While the experience was an overall positive, and I am absolutely grateful for the content, there will always be ways to improve. For me, this was only my second exam I have taken with eLearn. In this one especially, I felt a disconnect between the practical portion of the exam and the training.
It was as if they expected you to go out and research how to do specific techniques but didn’t really emphasize the need. I’m cool with trying harder and enjoyed that type of instruction with Offensive Security; however I wish they would have made it more transparent.
In their defense, they do offer an eclectic set of resources to further your study; however, I didn’t realize this was absolutely necessary.
What can I say? I am a product of the CompTIA type exams where you must study what is in the study guides or risk wasting time.
Another issue I had was with some of the labs. The VM’s they provided with forensic tools had this uncanny ability to crash or stall out on me frequently. Now I know, no lab is perfect, but it sucks that opening a picture crashes the VNC session. Just saying.
Other than that, I have no gripes. I expect that they will release another iteration of this course in the next year or so, fixing the labs and improving the material.
Who should take it?
For those working in an incident response role with access to host-based investigation tools, I highly recommend this certification. With this knowledge, a whole new world will open up to you, and your ability to detect changes to systems will grow dramatically.
I really think this brings Incident Response full circle for those who like me, have been mostly used in a network investigation capacity. We are missing so much if we rely solely on network logs, and unfortunately, I think that is what most SOC operations are doing today. Feel free to let me know if I am wrong here.
Tips for Success
If you are reading this and are about to take the exam, these tips are for you:
1. Develop a set of methodologies for the different areas you are studying, such as windows artifacts and disk analysis. This will shorten the time you spend on the practical portion of your labs.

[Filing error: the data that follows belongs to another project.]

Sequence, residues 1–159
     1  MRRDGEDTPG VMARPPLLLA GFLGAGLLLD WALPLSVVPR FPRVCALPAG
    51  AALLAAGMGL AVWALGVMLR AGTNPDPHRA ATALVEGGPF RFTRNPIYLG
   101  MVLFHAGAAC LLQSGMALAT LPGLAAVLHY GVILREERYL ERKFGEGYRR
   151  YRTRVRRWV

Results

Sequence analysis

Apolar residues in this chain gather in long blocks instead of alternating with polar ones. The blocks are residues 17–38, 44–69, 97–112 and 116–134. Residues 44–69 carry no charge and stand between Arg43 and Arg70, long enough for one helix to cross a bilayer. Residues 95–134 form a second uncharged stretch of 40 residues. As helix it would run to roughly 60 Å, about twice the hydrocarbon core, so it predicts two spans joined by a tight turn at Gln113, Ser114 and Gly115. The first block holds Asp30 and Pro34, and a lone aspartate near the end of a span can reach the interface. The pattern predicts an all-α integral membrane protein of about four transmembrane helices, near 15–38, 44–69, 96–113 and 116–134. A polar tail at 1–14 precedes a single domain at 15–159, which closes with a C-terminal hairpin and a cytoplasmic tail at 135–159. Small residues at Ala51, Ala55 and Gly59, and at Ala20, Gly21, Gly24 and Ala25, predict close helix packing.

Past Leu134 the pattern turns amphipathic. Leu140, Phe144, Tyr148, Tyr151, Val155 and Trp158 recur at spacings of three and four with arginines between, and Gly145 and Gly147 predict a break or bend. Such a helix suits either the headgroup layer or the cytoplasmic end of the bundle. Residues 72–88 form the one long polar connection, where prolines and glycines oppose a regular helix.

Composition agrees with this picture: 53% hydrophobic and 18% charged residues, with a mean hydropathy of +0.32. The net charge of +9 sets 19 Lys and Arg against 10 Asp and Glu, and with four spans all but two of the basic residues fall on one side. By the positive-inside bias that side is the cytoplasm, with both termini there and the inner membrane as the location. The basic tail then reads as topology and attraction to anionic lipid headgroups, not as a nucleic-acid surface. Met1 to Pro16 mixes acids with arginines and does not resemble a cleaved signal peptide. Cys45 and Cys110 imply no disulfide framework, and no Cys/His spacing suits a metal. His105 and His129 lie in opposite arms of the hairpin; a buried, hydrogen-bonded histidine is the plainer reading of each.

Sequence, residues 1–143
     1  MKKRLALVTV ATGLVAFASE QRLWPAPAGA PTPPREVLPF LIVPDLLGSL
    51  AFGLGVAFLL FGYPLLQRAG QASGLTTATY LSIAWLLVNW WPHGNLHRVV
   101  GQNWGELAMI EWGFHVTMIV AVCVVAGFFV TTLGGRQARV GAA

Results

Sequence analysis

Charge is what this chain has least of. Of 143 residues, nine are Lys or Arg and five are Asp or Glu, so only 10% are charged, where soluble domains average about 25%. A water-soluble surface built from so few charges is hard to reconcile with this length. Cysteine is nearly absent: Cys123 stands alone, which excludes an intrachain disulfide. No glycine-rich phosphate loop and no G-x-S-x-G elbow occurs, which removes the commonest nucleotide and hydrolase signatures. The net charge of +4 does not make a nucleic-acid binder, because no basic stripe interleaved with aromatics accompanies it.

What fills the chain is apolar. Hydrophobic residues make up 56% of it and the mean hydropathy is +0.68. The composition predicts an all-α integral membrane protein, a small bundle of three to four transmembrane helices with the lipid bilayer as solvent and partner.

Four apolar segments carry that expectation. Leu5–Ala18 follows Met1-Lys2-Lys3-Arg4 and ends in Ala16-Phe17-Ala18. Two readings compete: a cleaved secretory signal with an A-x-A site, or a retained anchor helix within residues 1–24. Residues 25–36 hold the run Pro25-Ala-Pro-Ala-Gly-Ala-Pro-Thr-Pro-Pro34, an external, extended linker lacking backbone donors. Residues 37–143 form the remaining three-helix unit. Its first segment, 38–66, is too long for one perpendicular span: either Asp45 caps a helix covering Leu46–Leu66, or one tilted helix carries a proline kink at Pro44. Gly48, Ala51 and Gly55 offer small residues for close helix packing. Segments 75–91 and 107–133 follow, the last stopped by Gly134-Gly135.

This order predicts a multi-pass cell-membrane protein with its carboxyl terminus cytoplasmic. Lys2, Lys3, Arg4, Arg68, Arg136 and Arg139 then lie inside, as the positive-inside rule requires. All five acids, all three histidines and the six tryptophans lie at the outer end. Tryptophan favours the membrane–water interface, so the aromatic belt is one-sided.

2. Take notes. For those of you who read my blog or watch the YouTube channel, I am a big believer in note-taking. These courses should not just be another notch on the belt, you should be able to put the information into practice. By keeping easy to access set of notes, you are making your life easier.
3. Make sure you pause your test when you take a long break. The exam is 24 hours, so I decided to get some sleep. Unfortunately, when I awoke, the exam was automatically submitted even though my time was not up yet. Luckily, I had enough points to pass. However, I tell you this so that you won't have the heartache of failing due to the exam being submitted automatically without enough points.
4. Take breaks. Yes, you have 24 hours, but you don’t need to stare at the screen for 24 hours straight. Relax go for a run, get some food, or do anything to take your mind off of the exam. You never know, while your slurping up some ramen a fantastic idea may occur to you that will get you some more points.
Updated based on a question from a reader. Keep the good questions coming.
5. Makes sure you can complete all the labs without any issue. eLearnSecurity exams follow the labs fairly closely. Your ability to do the labs well is usually a pretty good predictor on how well you will do on the exam.
6. If you need more help on the topics discussed in the course check out 13Cubed YouTube channel for in depth forensic videos.
Overall the exam is excellent, and I like the idea of another organization challenging the heavy hitters in cybersecurity education. Give eLearn a shot.
FYI, Black Friday is coming up in the next month and will probably be a great time to pick up one of these courses for a discounted price.
Hopefully, my two cents were worth space the words have taken up. My apologies if some of the information appears vague, however know some organizations are pretty heavy-handed with reviews. I don’t know if eLearn is, but you never know.
Hit me up if you have any questions!